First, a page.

Hill will resume the duties of outgoing president Ronnie Miles of Bells Food Group, and will be supported by VP Ian McGhee of Glasgow-based McGhee’s Bakery.
“I am very proud of my business and I am proud to be a part of this industry, so becoming president of Scottish Bakers was an honour I was thrilled to accept,” said the fourth generation owner of the Perth-based bakery.
“Our world has changed so much as a result of the coronavirus pandemic and the year has been traumatic for so many of us personally and professionally. I believe it is vital we pull together through the association to support our members as they in turn support their communities.”
The Scottish baking sector is definitely one of the unsung hero industries feeding communities with fresh daily bread, savoury snacks and sweet treats. More than 300 bakery businesses of all sizes embody their communities across Scotland, delivering around £1.4bn into the economy, a quarter of all food and drink manufacturing.
The sector is fully aligned to support the additional restrictive COVID measures announced by the Scottish Government last week to stem the tide of the pandemic.
Regarding the Hospitality Business Curfew – which has seen all catering establishments move to table service only – Scottish Bakery has confirmed that this does not, however, apply to bakery cafes where counter service has been the established way to order.
According to the association, members can continue to operate as they have been with a full range of COVID measures to protect staff and customers in place.
It has also stated it welcomes the introduction of a more pro-active approach in Scotland to monitor compliance, in particular the partnership approach to enforcement rather than the Westminster’s Governments’ tactic of fining for non-compliance.
‘Car sharing’ is no longer encouraged, which, unfortunately, may cause challenges for bakers who work unsociable hours and often lift share not just for cost reasons but also for safety.
Scottish Bakers is advising all those who work from home to do so, adding that, if necessary, the Scottish Government will consider legal moves to ensure employers support their staff with this.
“Whilst Scottish Bakers recognises the need for this policy, it will come as a blow to those of our members who rely in part on passing breakfast and lunchtime trade from office and other workers, but again our members have proved creative and adaptable through this pandemic and we are hopeful their businesses can weather the storm,” it said.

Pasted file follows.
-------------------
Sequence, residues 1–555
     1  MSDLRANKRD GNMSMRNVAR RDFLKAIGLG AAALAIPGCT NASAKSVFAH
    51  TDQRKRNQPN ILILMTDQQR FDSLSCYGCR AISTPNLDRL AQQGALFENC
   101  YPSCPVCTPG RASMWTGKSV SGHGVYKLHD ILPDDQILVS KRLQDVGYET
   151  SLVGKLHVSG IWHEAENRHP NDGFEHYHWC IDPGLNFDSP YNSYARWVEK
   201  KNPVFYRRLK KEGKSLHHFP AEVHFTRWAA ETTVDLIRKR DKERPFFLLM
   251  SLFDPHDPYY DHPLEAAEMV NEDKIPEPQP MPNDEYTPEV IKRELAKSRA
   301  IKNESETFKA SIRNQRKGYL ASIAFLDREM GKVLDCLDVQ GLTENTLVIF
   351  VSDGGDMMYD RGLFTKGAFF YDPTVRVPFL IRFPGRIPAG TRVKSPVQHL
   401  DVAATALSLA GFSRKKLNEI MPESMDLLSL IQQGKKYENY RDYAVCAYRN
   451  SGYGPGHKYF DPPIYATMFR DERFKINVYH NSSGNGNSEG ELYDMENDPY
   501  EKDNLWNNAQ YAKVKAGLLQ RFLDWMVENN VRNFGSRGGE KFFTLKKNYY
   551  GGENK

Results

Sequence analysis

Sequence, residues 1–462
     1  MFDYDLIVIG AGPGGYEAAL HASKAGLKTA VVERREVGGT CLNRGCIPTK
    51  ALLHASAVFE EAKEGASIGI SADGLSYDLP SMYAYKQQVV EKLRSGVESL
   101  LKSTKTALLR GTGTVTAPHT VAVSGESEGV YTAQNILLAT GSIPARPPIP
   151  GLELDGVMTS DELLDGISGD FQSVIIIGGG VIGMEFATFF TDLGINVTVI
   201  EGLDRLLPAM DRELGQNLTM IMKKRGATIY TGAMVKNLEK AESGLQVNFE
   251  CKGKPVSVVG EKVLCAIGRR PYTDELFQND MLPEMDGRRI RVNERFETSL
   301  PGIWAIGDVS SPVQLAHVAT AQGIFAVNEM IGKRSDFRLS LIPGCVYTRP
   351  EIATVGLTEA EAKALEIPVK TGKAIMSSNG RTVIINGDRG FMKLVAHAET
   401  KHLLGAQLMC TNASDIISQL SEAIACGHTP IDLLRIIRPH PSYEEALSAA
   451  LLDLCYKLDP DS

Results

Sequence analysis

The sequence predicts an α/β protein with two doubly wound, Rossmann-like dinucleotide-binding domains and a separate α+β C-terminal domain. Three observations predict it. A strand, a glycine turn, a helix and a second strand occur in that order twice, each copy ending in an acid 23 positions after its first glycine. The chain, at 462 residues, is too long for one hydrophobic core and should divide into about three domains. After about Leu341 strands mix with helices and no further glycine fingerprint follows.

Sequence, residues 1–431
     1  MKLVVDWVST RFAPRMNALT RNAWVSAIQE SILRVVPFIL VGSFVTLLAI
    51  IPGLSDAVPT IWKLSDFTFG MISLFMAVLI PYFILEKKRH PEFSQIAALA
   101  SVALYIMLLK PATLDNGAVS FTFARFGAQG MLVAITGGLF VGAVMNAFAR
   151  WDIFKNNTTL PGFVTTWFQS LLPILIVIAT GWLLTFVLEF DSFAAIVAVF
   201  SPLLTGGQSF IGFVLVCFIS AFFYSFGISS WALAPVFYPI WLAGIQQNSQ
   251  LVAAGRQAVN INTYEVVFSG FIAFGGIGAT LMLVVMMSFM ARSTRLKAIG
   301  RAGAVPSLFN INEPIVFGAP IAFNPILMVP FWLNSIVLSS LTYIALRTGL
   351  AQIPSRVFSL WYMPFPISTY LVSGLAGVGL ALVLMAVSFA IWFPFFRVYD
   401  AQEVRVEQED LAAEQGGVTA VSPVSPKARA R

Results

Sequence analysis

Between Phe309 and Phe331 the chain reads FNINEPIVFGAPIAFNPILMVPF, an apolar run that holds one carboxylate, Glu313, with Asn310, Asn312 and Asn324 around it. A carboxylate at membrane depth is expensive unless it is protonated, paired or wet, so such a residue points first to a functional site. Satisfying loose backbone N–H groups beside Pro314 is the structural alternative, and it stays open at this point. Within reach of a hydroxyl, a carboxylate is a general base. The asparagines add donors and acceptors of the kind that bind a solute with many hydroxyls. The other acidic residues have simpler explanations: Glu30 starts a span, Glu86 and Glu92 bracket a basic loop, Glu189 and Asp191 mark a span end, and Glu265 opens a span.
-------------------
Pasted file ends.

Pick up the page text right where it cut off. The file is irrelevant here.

The association welcomes the continued support by the Chancellor of the Exchequer with his ‘winter economy plan’ to deal with the effects of the pandemic on people up and down the UK.
A new Job Support Scheme is coming into effect, in which the state will top up the wages of workers forced to cut their hours due to the pandemic. However, the scheme is aimed at protecting ‘viable’ roles rather than all the roles, which had been kept going due to the furlough scheme.
The support is targeted at ‘firms that need it the most’ and is open to all employers, even those that had not used the furlough scheme. Employers will pay for the hours worked, while the government will cover the remainder of the pay employees might have lost.
There will be a roll-out of a new support package for the self-employed, and VAT will be kept at 5% for hospitality and tourism, instead of the planned increase to 20%.
Alasdair Smith, CEO of Scottish Bakers, said, “It’s been yet another fast paced period of change to the way we live our lives and conduct business but these moves are necessary, measured and robust in Scotland and it has been good to be able to clarify for our members what has, and what has not changed. As always, as a sector, we stand ready to adapt whilst we continue to bake fresh products daily and support the communities we serve.”